An investigational, phase II study published in the scientific journal Nature Medicine demonstrates that for the first time in humans a drug that acts on certain proteins in the brain called mGlu2/3 has antipsychotic activity. The study was sponsored by Eli Lilly and Company (NYSE: LLY).
In this study – a randomized, double-blind, placebo-controlled clinical trial – patients were assigned to four weeks of treatment with either Lilly’s investigational compound LY2140023; olanzapine, an atypical antipsychotic medication that targets dopamine and serotonin receptors as an active control; or placebo. The study demonstrated that:
– LY2140023 and olanzapine showed statistically significant improvement versus placebo in PANSS (Positive and Negative Syndrome Scale), the most common scale used for measuring symptoms of patients with schizophrenia. Both groups showed a rapid response, within one week.
– Treatment with LY2140023 was not observed to have certain adverse events that often occur with currently approved schizophrenia medications, including increased prolactin elevations, extrapyramidal symptoms (involuntary movements or muscle stiffness), or weight gain.
– Overall, LY2140023 40 mg given twice daily was found to be safe and well-tolerated, with most adverse events being mild-to-moderate in severity and not treatment-limiting.
“These data provide compelling new evidence that mGlu2/3 receptor agonists have antipsychotic properties and may provide a completely new therapeutic approach for treating schizophrenia and, perhaps, other neuropsychiatric disorders,” said Steven Paul, M.D., Lilly’s executive vice president of science and technology. “Additional and longer-term studies are needed to confirm and extend these exciting initial findings. However, these data suggest that LY2140023 may provide a new alternative for the treatment of this often devastating condition.”
The trial was a proof of concept study designed to determine LY2140023 superiority versus placebo. Olanzapine was used as an active control. 196 patients with schizophrenia were randomly assigned to LY2140023 (40 mg twice daily), olanzapine (15 mg daily) or placebo. All participants were hospitalized to ensure patient safety, tapered off from any pre-trial antipsychotic medications (no therapeutically stable patients were included in the trial), and treated in a double-blind manner for four weeks. In all, 118 patients completed four weeks of the planned study treatment.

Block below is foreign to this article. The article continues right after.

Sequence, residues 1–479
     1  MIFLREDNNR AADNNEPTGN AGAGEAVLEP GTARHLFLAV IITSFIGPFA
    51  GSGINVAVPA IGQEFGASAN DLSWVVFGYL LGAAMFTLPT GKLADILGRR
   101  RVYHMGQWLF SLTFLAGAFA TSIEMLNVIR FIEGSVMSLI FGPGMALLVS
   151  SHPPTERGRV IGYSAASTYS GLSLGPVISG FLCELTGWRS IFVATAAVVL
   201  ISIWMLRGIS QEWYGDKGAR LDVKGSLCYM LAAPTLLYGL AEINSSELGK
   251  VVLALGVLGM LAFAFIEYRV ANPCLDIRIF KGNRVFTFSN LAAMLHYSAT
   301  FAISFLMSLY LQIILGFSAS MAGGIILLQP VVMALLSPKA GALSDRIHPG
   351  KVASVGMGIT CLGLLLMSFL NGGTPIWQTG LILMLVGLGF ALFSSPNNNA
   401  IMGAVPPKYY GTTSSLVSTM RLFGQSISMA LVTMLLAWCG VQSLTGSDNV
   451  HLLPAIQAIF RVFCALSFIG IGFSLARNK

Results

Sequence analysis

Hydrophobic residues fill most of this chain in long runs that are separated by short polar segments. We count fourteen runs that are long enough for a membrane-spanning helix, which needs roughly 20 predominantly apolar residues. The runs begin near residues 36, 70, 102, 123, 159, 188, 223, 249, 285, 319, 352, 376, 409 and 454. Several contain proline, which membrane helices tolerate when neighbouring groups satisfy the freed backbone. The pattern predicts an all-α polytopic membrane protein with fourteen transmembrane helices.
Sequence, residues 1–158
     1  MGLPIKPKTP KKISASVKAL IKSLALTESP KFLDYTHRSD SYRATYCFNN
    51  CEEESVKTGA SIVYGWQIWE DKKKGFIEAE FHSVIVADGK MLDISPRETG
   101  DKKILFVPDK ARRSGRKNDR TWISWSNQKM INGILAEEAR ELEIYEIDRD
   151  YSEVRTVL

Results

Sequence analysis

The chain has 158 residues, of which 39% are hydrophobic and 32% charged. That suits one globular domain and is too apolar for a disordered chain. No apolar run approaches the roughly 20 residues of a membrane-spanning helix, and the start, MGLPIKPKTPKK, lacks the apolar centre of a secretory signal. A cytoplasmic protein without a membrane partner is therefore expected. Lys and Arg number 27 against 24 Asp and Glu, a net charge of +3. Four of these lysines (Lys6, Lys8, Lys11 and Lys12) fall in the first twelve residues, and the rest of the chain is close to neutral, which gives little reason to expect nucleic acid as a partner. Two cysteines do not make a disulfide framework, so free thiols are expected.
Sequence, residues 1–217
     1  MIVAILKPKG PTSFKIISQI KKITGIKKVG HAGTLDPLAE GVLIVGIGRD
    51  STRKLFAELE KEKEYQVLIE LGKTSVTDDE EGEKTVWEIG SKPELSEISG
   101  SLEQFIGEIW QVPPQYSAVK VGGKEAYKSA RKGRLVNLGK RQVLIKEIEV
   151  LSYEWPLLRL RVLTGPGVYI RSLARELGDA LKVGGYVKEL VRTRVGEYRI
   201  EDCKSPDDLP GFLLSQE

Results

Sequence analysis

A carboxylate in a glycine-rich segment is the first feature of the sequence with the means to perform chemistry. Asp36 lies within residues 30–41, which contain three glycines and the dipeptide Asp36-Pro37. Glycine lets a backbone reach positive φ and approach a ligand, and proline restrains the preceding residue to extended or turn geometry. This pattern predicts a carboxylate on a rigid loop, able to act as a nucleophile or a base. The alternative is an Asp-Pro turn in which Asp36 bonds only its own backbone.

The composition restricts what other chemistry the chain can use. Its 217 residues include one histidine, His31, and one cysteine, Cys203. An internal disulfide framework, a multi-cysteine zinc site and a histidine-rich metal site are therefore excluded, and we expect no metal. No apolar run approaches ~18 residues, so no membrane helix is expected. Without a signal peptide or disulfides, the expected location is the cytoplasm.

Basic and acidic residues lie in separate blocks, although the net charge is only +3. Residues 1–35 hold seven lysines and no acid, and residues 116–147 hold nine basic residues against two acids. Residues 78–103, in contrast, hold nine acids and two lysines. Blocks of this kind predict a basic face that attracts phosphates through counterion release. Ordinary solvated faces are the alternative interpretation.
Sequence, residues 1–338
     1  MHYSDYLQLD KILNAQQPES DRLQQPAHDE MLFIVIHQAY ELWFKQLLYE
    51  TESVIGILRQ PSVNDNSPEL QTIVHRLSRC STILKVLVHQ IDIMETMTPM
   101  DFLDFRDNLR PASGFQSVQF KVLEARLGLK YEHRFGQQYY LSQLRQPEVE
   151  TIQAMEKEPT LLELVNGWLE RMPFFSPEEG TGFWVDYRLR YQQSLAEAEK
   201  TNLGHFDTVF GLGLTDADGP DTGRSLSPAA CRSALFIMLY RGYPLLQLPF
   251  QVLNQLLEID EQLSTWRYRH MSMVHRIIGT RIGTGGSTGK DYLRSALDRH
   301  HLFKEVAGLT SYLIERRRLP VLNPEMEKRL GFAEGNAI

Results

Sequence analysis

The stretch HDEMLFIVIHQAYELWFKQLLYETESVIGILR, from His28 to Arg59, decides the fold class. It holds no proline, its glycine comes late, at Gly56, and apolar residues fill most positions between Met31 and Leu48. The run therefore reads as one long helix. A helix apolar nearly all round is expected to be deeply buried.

Treatment with LY2140023 or olanzapine resulted in statistically significant improvement in PANSS (Positive and Negative Syndrome Scale) total score (primary outcome) compared to placebo (-20.8, P < 0.001; -26.7, P < 0.001; respectively), After four weeks of treatment, the study showed that both the LY2140023 group (32.0%, P < 0.001) and the olanzapine group (41.2%, P < 0.001) demonstrated significantly greater response rates compared to the placebo group (3.2%). Response was measured primarily by the PANSS, the most common scale used for measuring symptoms of patients with schizophrenia. A patient showing a 25% or more decrease in PANSS total score was defined as a responder. Additionally, a mean 0.51-kg weight reduction from baseline was observed in the LY2140023 group. A moderate but statistically significant weight gain was observed in the olanzapine group (0.74 kg, P = 0.017) relative to the placebo group.
Results showed that the placebo arm experienced the highest rate of study discontinuation due to lack of efficacy, however, discontinuation due to adverse events was not significantly different across the three treatment groups (P = 0.66).
Overall, the study showed that LY2140023 40mg, given twice daily, was found to be safe and well-tolerated, with most adverse events being mild to moderate in severity and not treatment-limiting. The most common treatment- emergent adverse events in the LY2140023 group were insomnia, affect lability (P = 0.038), nausea, headache, somnolence and blood creatine phosphokinase increase. The adverse event profile of LY2140023 did not include prolactin increase or worsening of extrapyramidal symptoms (EPS). Although mood lability seems to represent the most important potential adverse event, it should be noted that this outcome was observed primarily at one clinical site. In the olanzapine group, treatment-emergent adverse events included elevation in blood triglyceride levels (P = 0.005), insomnia, weight gain (P = 0.034), somnolence, akathisia, agitation and periodontitis (P = 0.03).